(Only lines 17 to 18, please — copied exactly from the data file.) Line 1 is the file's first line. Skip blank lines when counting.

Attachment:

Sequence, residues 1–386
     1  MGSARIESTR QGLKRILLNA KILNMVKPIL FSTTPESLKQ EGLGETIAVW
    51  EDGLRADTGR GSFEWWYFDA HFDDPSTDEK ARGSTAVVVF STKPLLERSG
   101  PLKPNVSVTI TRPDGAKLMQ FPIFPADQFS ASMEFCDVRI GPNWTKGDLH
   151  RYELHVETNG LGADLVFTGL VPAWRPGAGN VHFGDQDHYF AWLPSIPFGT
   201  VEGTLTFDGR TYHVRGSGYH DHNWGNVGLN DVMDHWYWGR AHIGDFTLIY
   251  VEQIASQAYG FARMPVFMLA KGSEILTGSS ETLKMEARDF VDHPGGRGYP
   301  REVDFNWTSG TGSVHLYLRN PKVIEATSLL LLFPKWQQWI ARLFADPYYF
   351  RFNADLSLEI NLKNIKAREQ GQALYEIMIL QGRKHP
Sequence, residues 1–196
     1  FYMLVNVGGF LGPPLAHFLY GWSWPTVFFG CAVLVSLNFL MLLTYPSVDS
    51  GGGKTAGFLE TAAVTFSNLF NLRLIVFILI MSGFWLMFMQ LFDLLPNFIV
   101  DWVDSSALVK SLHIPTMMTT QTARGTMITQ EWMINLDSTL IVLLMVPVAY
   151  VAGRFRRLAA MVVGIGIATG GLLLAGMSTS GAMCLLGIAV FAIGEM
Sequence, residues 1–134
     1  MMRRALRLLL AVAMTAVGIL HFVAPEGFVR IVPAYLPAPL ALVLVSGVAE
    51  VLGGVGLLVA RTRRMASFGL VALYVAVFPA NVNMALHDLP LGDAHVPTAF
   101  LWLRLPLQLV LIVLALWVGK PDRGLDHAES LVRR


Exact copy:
    51  VLGGVGLLVA RTRRMASFGL VALYVAVFPA NVNMALHDLP LGDAHVPTAF
   101  LWLRLPLQLV LIVLALWVGK PDRGLDHAES LVRR